misrepresentations of its agent independent contractors. Thus, we include the
requirements that the misrepresentations be foreseeable and that reliance be
reasonable. In considering whether the infringing actions were foreseeable, the
district court should consider all of the surrounding circumstances. For

instance, if the principal went to great lengths to ensure that the agents knew
not to make certain representations, such representations, if made, may be
found to be unforeseeable. But if, at the same time, the principal gave the
agents carte blanche to hold themselves out as the principal itself, then such
infringing actions may become foreseeable, notwithstanding the principal's
efforts at policing the agents. The point, of course, is to hold the principal liable
when it is just to do so, but still to encourage the principal to police the agents
enough so as to avoid liability. This is the type of balancing the district court
must undertake in the first instance.
71

Professor Seavey's cautionary observations about reliance are also apt:

72is difficult to suggest a limitation upon the power of a selling agent to bind the
It
principal if the statements are relevant to the transaction which the agent is
authorized to conduct ... A working rule would be the limitation of liability to
statements concerning matters as to which the principal might think the agent, or any
agent, might misrepresent in forwarding their joint interests. There must be limits.
The seller of a New England farm should not be liable to a credulous buyer for tort
damages if the agent were to represent that the land to be sold contained oil or gold.
73

Seavey, Sec. 92 at 164.

74

Because the district court failed to address whether the representatives were
agents or non-agents, and therefore failed to consider these questions, we must
remand the case for further fact findings and renewed application of the law to
the facts. Upon remand, then, the district court first must determine whether the
sales representatives were agent independent contractors or non-agent
independent contractors. The Restatement defines a non-agent independent
contractor as follows:

75person who contracts to accomplish something for another or to deliver something


A
to another, but who is not acting as a fiduciary for the other is a non-agent
contractor. He may be anyone who has made a contract and who is not an agent. The
term is used colloquially to describe builders and others who have contracted to
accomplish physical results not under the supervision of the one who has employed
them to produce the results.
76

Restatement (Second) Agency Sec. 14N, Comment (b). Thus, the district court
should assess whether the representatives are analogized better to a firm that
contracts to perform a particular, discrete task, such as to build a swimming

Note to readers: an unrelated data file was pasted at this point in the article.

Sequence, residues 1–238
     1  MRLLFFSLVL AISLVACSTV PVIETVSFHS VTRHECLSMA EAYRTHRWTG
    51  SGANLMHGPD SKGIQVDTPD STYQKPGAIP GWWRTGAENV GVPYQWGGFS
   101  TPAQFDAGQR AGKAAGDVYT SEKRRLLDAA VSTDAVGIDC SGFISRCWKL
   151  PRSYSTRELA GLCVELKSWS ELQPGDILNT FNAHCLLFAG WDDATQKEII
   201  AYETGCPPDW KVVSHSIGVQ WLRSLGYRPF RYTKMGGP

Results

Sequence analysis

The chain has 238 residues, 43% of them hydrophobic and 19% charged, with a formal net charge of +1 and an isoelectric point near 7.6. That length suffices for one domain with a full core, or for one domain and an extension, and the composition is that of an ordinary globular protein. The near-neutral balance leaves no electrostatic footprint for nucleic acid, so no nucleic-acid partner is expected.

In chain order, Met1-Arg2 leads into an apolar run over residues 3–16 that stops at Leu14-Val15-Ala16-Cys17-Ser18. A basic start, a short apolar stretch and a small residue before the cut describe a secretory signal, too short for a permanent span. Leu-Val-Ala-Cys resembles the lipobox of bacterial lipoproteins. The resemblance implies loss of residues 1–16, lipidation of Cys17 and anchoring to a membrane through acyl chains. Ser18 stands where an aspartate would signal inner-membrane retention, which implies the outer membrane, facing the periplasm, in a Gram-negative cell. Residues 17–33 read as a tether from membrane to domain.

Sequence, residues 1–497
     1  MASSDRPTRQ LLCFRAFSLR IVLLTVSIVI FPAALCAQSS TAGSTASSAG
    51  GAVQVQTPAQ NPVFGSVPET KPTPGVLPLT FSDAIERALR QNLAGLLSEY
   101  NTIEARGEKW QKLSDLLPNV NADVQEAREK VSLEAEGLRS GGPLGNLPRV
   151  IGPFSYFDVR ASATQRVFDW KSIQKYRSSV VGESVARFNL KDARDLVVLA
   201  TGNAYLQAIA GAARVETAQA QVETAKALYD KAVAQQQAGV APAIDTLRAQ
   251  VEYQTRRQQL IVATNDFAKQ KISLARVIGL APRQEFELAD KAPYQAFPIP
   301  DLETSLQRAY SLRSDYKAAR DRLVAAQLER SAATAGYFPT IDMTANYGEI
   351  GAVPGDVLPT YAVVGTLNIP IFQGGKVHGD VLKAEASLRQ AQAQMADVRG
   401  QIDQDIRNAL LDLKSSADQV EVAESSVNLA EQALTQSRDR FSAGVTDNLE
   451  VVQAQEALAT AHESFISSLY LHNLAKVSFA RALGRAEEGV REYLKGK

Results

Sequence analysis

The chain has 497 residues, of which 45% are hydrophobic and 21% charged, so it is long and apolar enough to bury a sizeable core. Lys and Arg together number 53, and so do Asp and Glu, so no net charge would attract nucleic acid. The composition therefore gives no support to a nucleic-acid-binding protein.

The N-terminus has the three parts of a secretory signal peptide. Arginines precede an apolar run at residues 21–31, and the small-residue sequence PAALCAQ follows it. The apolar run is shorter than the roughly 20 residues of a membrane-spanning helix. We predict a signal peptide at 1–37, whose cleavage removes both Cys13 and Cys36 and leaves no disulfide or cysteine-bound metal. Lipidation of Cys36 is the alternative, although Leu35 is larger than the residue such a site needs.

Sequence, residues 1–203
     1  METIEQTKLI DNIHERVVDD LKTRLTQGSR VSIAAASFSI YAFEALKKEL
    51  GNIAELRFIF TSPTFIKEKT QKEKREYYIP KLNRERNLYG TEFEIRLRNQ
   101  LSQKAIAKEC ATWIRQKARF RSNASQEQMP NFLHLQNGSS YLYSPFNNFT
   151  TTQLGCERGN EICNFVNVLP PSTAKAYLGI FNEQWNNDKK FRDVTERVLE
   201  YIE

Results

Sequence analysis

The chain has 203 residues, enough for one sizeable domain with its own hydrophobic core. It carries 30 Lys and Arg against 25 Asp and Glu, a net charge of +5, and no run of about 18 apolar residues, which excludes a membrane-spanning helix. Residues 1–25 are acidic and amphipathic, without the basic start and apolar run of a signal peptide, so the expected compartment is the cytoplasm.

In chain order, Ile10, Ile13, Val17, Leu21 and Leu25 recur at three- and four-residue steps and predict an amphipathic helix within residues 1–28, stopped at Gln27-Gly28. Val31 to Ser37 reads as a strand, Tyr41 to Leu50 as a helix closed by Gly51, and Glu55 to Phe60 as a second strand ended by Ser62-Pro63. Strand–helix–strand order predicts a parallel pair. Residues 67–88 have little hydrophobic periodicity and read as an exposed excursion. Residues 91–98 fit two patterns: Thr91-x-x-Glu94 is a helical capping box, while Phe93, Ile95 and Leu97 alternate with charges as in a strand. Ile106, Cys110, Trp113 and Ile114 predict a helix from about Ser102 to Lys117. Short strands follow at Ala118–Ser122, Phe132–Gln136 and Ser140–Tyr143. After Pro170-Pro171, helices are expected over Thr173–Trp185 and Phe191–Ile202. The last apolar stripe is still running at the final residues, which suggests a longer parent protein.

pool, or to a party who is empowered to speak for another and bind the other in
contracts. In making this determination, the facts analyzed by the district court

and adduced at the hearing are certainly relevant. While the district court
should focus on the level of control exercisable by Winback over the manner in
which the sales representatives market its product, it should not emphasize
physical control (as it properly did in considering whether the representatives
were servants). Inga's testimony that he attempts to police the representatives is
certainly relevant to this inquiry, particularly if Winback authorizes the agents
to represent themselves as Winback.19 If the district court finds that the sales
representatives are agents, it then must proceed to determine whether they
committed infringing acts and whether, under the test we detailed above,
Winback and Inga may be held liable. If the district court determines that the
representatives are non-agent independent contractors, it still must consider
whether they were acting with apparent authority to make the representations.
c. Apparent authority
77
78

The district court did not consider whether the sales agents were acting with
apparent authority, or as apparent servants. The district court discounted AT &
T's arguments because it believed that the doctrine of apparent authority only
comes into play when an actual agency relationship is established. Winback,
851 F.Supp. at 629. The district court's premise was incorrect. "Apparent
authority arises in those situations where the principal causes persons with
whom the agent deals to reasonably believe that the agent has authority" despite
the absence of an actual agency relationship. Barticheck v. Fidelity Union
Bank/First Nat'l State, 680 F.Supp. 144, 148-49 (D.N.J.1988) (applying New
Jersey law). As the Court of Appeals for the Sixth Circuit has explained:

79the principal is responsible for the third person believing that the person with